Generally for schools, it is our suggestion that quiet spaces for every grade consist of two Sankofa categories.

The first Sankofa room engages one in stream of consciousness reflection utilizing soothing colored window blinds (if the room had windows), floor lamps, a cafe table with 2 chairs, a floor rocker chair, a book shelf with variety of art materials/books, music books, drawing and/or doodling paper, open reflection sheets, a wall clock that ticks loudly, and a lava lamp. This type of Sankofa room would be for those students (and adults) who need to be one with themselves, who need time for silence and non-academic breaks. The length of time inside these rooms maxes out at 30 minutes to maintain optimal effectivity and should only be used to enhance the spiritual and expressive metacognition of Executive Functioning.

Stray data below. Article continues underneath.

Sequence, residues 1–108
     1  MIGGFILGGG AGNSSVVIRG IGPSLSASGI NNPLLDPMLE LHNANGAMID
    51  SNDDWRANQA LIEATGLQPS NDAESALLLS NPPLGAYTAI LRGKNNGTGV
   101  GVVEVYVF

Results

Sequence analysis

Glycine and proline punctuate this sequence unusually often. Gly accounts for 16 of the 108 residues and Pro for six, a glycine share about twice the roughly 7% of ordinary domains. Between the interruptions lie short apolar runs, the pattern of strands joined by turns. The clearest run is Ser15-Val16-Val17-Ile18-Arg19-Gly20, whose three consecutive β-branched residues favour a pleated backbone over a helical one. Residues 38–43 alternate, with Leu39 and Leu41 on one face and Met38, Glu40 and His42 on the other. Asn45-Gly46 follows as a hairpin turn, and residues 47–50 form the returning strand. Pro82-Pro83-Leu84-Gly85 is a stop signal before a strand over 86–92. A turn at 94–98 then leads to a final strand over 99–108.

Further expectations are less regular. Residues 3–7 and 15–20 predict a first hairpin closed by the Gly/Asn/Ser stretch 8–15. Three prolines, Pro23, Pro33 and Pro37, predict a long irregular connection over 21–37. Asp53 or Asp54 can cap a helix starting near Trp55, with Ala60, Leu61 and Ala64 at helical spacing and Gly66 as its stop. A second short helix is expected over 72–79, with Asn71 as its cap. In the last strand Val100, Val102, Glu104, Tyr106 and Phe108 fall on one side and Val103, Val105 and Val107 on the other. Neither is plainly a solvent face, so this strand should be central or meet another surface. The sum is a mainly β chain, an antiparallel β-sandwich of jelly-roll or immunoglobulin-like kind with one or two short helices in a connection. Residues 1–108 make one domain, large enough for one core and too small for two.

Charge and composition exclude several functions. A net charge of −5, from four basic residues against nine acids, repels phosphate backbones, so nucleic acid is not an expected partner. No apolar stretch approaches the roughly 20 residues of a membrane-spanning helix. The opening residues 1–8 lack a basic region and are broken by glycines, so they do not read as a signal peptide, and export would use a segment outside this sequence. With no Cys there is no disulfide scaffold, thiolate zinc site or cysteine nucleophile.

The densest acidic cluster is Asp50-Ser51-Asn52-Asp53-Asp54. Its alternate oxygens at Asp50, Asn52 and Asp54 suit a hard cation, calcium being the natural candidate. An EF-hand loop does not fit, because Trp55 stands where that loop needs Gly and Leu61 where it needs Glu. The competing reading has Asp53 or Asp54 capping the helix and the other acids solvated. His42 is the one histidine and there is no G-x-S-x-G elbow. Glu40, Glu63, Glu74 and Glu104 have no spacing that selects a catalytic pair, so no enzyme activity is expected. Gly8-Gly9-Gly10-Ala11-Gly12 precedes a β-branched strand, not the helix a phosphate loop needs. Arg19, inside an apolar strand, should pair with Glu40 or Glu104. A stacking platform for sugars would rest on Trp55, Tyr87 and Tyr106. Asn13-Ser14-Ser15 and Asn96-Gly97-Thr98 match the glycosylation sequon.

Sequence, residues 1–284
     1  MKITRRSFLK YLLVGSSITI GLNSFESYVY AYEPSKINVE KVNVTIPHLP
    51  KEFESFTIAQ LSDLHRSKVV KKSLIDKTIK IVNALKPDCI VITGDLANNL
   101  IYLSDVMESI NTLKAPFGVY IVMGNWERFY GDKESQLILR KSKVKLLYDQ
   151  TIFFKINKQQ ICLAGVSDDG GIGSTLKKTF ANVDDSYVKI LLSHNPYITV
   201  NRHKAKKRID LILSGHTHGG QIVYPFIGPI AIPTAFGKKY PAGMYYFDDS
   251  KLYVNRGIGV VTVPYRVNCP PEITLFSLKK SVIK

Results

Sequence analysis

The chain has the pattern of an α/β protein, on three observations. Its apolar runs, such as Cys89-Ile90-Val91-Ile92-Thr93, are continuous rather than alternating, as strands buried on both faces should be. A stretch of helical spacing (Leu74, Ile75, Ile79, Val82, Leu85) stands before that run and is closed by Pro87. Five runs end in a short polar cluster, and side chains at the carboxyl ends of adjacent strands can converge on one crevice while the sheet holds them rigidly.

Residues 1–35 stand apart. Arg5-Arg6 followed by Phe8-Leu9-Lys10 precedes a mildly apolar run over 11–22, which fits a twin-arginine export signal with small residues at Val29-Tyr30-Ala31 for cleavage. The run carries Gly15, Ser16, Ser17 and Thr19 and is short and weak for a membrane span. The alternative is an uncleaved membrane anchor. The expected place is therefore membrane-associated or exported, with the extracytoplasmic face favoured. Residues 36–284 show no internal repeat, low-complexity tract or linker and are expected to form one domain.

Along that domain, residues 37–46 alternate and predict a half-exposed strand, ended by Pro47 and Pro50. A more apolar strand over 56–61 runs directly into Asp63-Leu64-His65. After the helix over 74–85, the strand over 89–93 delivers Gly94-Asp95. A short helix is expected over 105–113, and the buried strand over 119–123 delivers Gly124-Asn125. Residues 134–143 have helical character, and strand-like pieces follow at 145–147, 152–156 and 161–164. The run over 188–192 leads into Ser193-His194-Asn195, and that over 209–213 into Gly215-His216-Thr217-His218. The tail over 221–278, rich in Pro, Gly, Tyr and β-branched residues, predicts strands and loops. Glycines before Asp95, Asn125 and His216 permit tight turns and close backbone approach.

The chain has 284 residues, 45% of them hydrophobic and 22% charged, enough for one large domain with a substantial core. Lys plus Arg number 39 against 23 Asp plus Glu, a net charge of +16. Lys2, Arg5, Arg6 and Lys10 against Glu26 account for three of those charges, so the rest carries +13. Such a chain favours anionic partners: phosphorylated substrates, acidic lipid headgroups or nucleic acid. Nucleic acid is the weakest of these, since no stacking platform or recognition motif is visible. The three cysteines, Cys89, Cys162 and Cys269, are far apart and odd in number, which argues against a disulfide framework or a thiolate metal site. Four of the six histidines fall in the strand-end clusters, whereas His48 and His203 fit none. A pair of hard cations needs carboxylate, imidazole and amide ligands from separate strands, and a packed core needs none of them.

For example, a student who comes to school feeling agitated/overwhelmed from a situation that occurred prior to the beginning of the day would benefit from before starting their first class. This room would allow him to decompress and release the experiences that prevent him from being an active member of the school community.  Additionally, students returning to home environments that are unpredictable may benefit from time in this room prior to returning home at the end of the day. This experience would enable her to reflect on the positive parts of the school day and what aspects of her life she is able to control.